Design Story

Eliza's origins ...

Eliza’s architecture pays reference to the traditional settlers’ huts, with a bespoke twist. Designed to pay tribute to Eliza Lynch and the early settlers in the Alpine Region, it offers a taste of a time long past.

The small and modest building sits on a beautiful little grassy slope nestled between shady European trees and looks down over the historic railway station precinct.

The pitched roof, the broad verandah, and the regular rhythm of the windows and door openings, all pay reference to the huts that provided meagre shelter to the early settlers. The verandahs provided inexpensive sheltered space, particularly in summer, when the inside of the cabins became unbearably hot. Eliza’s broad verandah allows you to experience the changing seasons, as it is outside amongst nature that Bright is at its most beautiful.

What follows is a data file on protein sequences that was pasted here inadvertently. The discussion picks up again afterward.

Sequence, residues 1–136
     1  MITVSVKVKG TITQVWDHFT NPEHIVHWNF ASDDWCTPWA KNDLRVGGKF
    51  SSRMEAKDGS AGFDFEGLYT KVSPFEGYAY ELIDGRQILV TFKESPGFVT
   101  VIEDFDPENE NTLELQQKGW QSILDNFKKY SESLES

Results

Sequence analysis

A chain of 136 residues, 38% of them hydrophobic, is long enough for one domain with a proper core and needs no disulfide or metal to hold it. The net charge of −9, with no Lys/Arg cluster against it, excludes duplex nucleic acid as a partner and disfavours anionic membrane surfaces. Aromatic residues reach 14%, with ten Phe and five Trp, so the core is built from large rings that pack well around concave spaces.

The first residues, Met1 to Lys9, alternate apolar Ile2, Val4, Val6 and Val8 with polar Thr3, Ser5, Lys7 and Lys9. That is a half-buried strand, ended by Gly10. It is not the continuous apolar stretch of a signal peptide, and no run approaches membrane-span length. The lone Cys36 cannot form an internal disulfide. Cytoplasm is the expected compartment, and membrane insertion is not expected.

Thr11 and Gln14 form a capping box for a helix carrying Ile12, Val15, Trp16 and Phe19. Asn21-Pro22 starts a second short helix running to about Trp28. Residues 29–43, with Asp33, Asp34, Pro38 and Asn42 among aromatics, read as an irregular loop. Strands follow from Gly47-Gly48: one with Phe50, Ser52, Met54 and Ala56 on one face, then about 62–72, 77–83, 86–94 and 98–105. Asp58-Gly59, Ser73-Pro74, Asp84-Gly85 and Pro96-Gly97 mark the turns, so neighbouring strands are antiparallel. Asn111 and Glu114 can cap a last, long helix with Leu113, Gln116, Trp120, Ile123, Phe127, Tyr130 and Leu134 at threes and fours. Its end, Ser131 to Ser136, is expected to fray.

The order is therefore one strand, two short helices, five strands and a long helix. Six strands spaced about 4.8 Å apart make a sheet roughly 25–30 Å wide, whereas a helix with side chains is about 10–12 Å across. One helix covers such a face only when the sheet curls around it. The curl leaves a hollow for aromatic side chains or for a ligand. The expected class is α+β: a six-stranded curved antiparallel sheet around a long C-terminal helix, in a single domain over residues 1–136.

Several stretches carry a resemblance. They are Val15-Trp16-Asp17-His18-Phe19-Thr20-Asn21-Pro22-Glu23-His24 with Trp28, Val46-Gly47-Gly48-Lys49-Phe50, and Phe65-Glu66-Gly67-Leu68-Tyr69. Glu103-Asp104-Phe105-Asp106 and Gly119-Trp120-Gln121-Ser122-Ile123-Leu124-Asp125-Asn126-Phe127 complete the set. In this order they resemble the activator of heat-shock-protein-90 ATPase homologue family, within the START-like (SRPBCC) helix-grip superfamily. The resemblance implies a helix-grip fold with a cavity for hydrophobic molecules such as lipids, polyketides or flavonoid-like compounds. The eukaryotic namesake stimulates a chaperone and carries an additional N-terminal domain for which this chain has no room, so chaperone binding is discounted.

The external colour palette was inspired by the varied hues of the Melaleuca bark, a common material used for roofing of the early colonial huts.

Eliza’s heavy vertical timber cladding is plantation eucalypt Silvertop Ash and is a modern version of the log offcuts used in the early slab huts. The logs are radial sawn, a process developed in Victoria that uses all parts of a log.

The finely detailed windows are a reference to the simple small-paned windows of the early huts. The textured panels of glass have a similar form to the wavy hand-cast glass of the era, and the windows are deliberately without external architraves, an adornment considered unnecessary by the poor and pragmatic hut builders of colonial times.

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